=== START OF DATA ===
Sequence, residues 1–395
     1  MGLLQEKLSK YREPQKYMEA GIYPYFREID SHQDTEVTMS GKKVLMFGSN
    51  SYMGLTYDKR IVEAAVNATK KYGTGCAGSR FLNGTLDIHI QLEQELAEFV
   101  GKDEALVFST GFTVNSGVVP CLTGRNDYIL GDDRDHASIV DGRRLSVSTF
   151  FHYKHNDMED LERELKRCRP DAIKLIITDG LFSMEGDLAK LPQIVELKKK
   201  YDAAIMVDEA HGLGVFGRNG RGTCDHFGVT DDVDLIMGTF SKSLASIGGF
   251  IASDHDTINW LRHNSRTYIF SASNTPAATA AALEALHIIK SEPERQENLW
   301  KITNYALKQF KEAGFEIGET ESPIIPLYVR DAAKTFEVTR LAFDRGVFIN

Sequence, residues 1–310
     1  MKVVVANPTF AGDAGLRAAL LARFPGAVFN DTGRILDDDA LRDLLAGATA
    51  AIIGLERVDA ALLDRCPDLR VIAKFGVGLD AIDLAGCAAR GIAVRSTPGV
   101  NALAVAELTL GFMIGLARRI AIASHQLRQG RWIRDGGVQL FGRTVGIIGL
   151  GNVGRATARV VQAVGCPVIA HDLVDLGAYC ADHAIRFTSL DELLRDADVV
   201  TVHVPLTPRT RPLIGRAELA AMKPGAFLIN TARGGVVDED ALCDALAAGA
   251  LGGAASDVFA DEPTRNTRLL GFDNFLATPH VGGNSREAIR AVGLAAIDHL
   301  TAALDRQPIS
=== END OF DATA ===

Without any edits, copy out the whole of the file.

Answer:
Sequence, residues 1–395
     1  MGLLQEKLSK YREPQKYMEA GIYPYFREID SHQDTEVTMS GKKVLMFGSN
    51  SYMGLTYDKR IVEAAVNATK KYGTGCAGSR FLNGTLDIHI QLEQELAEFV
   101  GKDEALVFST GFTVNSGVVP CLTGRNDYIL GDDRDHASIV DGRRLSVSTF
   151  FHYKHNDMED LERELKRCRP DAIKLIITDG LFSMEGDLAK LPQIVELKKK
   201  YDAAIMVDEA HGLGVFGRNG RGTCDHFGVT DDVDLIMGTF SKSLASIGGF
   251  IASDHDTINW LRHNSRTYIF SASNTPAATA AALEALHIIK SEPERQENLW
   301  KITNYALKQF KEAGFEIGET ESPIIPLYVR DAAKTFEVTR LAFDRGVFIN

Sequence, residues 1–310
     1  MKVVVANPTF AGDAGLRAAL LARFPGAVFN DTGRILDDDA LRDLLAGATA
    51  AIIGLERVDA ALLDRCPDLR VIAKFGVGLD AIDLAGCAAR GIAVRSTPGV
   101  NALAVAELTL GFMIGLARRI AIASHQLRQG RWIRDGGVQL FGRTVGIIGL
   151  GNVGRATARV VQAVGCPVIA HDLVDLGAYC ADHAIRFTSL DELLRDADVV
   201  TVHVPLTPRT RPLIGRAELA AMKPGAFLIN TARGGVVDED ALCDALAAGA
   251  LGGAASDVFA DEPTRNTRLL GFDNFLATPH VGGNSREAIR AVGLAAIDHL
   301  TAALDRQPIS